Current and incoming Centre students get busy with summer research program
RELEASED: July 5, 2007
[Editor's Note: Katt McGinley '09, a psychology major from Taylorsville, Ky., and Andy Rapone '09, a Spanish major from Jamestown, Ky., collaborated in writing this feature.]
DANVILLE, KY— This summer, one current Centre student and two rising freshmen were chosen to participate in the Kentucky-West Virginia Alliance for Minority Participation, which is coordinated on Centre's campus by Preston Miles, professor of chemistry at the College.
Deysi Hernandez '09 of Louisville is spending her summer "learning a lot of languages." She is currently working on modifying the organic chemistry section of the Centre Web site. For this job, Hernandez is learning HTML and other computer programming languages. Adjustments she is making to the Web pages include creating a chemical database and filling in missing functional group reaction information.
The two rising freshmen involved in the program this summer are Jasmin Kaeser of Louisville and Chrys Jones of Harrodsburg, Ky.
Kaeser, who has been working for a week in the psychology lab (located in Young Hall on campus) with Melissa Burns-Cusato, assistant professor of psychology, is spending her days "working in conjunction with the University of Virginia trying to identify the differences in transgenic and non-transgenic mice in memory, anxiety and different behavioral areas." (Transgenic refers to mice that have been genetically engineered by adding an additional gene into their DNA.) Kaeser says that her time at Centre has been busy and that she is having a lot of fun.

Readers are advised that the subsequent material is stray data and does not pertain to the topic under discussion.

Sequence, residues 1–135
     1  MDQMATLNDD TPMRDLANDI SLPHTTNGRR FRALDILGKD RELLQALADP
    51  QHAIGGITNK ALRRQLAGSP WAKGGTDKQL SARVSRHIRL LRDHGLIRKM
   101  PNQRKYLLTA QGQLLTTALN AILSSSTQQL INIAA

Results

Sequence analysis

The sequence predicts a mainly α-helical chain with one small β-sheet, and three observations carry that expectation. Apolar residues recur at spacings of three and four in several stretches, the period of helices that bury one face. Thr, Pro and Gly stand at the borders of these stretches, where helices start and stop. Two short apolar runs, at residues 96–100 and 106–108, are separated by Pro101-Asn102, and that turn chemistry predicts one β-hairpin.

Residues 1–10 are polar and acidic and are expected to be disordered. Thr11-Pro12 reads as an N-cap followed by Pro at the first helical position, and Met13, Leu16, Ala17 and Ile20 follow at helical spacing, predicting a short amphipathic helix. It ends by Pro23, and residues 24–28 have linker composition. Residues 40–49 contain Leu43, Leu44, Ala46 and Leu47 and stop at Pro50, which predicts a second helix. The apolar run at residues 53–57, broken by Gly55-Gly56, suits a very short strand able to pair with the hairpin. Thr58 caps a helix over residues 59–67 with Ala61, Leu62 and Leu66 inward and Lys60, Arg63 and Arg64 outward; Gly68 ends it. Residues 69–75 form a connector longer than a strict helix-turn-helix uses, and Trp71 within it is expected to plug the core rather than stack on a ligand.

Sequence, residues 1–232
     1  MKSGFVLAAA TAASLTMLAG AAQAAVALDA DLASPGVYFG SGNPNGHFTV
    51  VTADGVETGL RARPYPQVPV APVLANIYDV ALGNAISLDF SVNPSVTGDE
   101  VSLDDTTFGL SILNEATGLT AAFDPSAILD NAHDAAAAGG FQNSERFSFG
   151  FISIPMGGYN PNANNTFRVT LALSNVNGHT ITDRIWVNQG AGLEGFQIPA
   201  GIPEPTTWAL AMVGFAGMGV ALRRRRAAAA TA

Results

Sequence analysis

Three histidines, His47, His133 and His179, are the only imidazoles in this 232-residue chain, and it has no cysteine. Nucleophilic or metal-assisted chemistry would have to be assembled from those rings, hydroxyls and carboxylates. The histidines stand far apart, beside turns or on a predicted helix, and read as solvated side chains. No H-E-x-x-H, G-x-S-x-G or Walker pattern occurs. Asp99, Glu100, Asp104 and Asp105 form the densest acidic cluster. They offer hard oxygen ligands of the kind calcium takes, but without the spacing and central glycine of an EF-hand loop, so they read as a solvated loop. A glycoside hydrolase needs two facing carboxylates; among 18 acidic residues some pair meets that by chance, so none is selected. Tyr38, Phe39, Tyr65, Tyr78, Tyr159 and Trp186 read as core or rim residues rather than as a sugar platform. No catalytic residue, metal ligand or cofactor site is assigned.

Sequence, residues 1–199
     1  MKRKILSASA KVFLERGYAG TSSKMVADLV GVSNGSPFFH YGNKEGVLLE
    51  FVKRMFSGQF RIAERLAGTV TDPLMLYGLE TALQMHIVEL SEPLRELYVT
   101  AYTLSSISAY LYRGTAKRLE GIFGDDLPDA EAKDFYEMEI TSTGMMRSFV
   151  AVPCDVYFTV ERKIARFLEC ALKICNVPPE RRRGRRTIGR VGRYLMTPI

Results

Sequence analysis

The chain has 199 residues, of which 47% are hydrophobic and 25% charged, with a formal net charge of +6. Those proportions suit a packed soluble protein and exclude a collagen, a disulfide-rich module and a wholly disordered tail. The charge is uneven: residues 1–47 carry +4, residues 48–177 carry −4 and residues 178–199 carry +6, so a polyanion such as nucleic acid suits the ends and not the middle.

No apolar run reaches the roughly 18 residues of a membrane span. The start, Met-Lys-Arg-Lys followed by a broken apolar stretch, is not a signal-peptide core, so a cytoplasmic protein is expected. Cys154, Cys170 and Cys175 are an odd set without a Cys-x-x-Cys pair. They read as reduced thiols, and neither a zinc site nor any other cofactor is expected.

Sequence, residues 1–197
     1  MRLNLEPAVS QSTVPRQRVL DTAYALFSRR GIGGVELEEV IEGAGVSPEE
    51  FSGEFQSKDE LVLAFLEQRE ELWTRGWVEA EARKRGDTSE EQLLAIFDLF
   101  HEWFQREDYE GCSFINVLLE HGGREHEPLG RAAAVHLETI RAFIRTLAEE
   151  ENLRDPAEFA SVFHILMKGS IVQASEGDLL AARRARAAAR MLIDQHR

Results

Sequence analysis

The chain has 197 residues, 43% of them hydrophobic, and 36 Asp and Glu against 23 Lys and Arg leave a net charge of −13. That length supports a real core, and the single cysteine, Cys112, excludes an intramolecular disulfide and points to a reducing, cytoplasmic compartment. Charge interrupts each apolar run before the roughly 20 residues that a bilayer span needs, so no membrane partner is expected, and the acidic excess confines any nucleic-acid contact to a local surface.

Jones has spent his time working with quail in the "bird room" located in Young Hall in the psychology lab. He is currently learning how to handle the birds that he will be working with later this summer. His student supervisor, Bekah Holder '09, says that this summer she and Jones will be trying to condition the quail to respond to different sound and visual cues.
"Our hypothesis is that the females will respond to an audio tone because the male quails are so vocal in the wild, and that since the females make hardly any noise at all, the males will respond to a visual cue." Jones says that this experience is definitely unlike anything else he's ever done and that he thinks it will be fun and interesting.
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